The Miss Universe Organization is moving forward with plans to hold this year's competition in Russia, despite calls for a boycott from former host Andy Cohen and a growing number of fans in light of the country's antigay laws.
The Donald Trump-owned company released a statement today asserting that while it is "deeply concerned by the laws recently enacted in Russia" as well as the "violence experienced by the LGBT community," it will continue to prepare for its contest in Moscow, set for November 9. Miss Universe officials believe the pageant's presence and will "help foster a common understanding and appreciation of the rights of all individuals."
"In our 60-year history we have witnessed, and been a party to, many social changes including those within the LGBT community," the statement read. "It has been our experience that the Miss Universe pageant provides a forum through which contestants from more than 90 countries, as well as their families and friends, forge bonds with citizens of a host country, helping to serve as a catalyst for social change."
Paula Shugart, the president of the Miss Universe Organization, contacted The Advocate directly to reiterate this statement and stress that the show's broadcast will help shine a world spotlight on these injustices.
"I think anytime people can put a spotlight on something and discuss it, that goes a long way to helping ... social change," said Shugart, pointing out positive effects that occured after it hosted its competition in Vietnam in 2008. "There's a lot of opportunities here."
"We have very, very close ties to the LGBT communities," she added. "And I want to make sure that you're aware of that and everyone's aware of that. And that's not something we would turn our back on."
Shugart noted that Elton John would be also performing in Moscow at the same venue, Crocus City Hall, on December 6.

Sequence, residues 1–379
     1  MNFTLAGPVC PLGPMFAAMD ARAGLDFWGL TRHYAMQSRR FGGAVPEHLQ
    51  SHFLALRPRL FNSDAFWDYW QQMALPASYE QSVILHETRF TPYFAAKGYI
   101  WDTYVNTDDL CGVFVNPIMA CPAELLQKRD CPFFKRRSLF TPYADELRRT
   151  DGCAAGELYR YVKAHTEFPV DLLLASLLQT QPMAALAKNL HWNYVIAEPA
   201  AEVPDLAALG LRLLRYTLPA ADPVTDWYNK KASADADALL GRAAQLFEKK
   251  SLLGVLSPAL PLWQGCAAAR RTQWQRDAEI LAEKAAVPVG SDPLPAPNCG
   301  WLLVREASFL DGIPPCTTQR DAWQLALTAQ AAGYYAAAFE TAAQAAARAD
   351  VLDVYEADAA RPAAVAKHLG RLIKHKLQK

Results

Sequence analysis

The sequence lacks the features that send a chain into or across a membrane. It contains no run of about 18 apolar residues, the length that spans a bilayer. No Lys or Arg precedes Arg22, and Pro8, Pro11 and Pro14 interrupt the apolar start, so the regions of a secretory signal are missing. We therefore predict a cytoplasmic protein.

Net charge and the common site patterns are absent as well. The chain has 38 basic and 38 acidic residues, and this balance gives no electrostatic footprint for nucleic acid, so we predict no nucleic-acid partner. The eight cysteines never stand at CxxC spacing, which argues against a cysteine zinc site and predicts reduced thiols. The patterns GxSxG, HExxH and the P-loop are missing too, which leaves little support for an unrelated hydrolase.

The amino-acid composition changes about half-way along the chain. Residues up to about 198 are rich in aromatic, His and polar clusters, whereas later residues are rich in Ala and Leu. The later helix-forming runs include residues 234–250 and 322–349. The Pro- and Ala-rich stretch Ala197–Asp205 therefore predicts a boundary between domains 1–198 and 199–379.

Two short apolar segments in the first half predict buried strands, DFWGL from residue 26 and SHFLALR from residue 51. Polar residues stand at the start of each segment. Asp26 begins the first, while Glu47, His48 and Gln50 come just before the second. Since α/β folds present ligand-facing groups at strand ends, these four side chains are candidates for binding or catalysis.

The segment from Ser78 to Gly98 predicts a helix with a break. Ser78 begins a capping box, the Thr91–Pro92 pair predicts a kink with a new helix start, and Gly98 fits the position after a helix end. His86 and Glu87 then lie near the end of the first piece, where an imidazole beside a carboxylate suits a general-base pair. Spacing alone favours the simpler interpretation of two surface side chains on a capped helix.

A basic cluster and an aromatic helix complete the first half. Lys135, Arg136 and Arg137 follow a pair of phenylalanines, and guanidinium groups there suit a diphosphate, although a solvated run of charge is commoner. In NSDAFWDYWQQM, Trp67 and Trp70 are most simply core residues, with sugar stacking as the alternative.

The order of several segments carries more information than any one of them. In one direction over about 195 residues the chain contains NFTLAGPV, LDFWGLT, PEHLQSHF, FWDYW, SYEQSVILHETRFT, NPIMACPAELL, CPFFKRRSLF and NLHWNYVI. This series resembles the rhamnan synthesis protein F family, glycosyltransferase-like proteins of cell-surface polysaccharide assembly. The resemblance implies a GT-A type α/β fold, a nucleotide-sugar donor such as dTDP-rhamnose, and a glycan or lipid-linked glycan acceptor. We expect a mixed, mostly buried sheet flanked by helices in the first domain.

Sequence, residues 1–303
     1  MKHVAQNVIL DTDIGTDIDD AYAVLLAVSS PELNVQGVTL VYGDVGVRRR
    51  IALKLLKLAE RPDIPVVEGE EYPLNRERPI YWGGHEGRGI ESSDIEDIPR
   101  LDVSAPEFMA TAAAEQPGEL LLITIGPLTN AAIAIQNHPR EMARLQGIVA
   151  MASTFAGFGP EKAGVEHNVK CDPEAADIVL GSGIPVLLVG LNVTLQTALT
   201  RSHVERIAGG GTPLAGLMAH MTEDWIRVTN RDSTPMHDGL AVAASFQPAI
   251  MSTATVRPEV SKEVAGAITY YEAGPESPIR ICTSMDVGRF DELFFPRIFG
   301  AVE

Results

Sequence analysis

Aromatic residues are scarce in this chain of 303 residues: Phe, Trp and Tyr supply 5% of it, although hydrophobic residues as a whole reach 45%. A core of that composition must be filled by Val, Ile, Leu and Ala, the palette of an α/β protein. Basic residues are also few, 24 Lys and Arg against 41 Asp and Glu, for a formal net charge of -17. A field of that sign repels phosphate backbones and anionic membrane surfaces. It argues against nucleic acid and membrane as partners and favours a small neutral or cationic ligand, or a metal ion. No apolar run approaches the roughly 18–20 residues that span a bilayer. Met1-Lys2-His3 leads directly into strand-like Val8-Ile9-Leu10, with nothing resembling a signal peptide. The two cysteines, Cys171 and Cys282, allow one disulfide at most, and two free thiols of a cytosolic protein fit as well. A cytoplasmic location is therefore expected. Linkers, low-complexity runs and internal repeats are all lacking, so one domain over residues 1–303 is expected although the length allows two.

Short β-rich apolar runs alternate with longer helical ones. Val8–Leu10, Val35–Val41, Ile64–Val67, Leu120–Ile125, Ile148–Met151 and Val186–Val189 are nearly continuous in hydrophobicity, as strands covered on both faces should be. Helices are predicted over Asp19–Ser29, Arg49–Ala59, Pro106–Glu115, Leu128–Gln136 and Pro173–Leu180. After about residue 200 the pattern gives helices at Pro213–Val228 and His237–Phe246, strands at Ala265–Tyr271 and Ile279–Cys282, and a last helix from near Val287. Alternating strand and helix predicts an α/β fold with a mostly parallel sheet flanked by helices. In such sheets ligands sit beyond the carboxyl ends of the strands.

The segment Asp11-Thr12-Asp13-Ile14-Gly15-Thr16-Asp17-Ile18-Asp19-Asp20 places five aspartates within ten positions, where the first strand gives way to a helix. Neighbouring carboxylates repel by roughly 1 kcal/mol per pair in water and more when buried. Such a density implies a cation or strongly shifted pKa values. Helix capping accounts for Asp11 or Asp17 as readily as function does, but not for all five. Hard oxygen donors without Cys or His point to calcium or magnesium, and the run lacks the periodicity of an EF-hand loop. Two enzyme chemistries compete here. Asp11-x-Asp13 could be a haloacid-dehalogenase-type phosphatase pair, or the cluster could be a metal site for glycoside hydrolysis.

The remarks come in the wake of comments from Andy Cohen, who cohosted the pageant the past two years. The Bravo executive and star told E! News that he would not participate in the Miss Universe competition this year since Russia's "discriminatory policies make it unsafe for the gays who live there and gays coming to work or visit."
"The law is that anyone under suspicion of homosexuality can be arrested," he said, adding that he "didn't feel right as a gay man stepping foot into Russia." (The new national law, similar to those enacted in some Russian cities, outlaws discussions of LGBT issues and identities that might be accessible to minors, and is so broad and vague as to pose great danger to LGBT people, activists say.)
Shugart said that she respects Cohen's opinion and concerns, but asserted that safety for staff, crew, and attendees, was the pageant organization's "number one" priority.
Francesco Pascuzzi, a Miss Universe fan from Somerville, N.J., recently initiated a Change.org petition urging the competition "to send a strong message in favor of equality and human rights by pulling out from hosting the 2013 Miss Universe pageant in Moscow." Over 28,000 people have signed the petition thus far.
"We certainly understand the calls for a boycott," Shugart concluded. "I just feel like this is a more productive way because, honestly, if we boycott, nobody would remember the pageant two months after, or a month after the boycott. This is something that looks at it in [the] long term."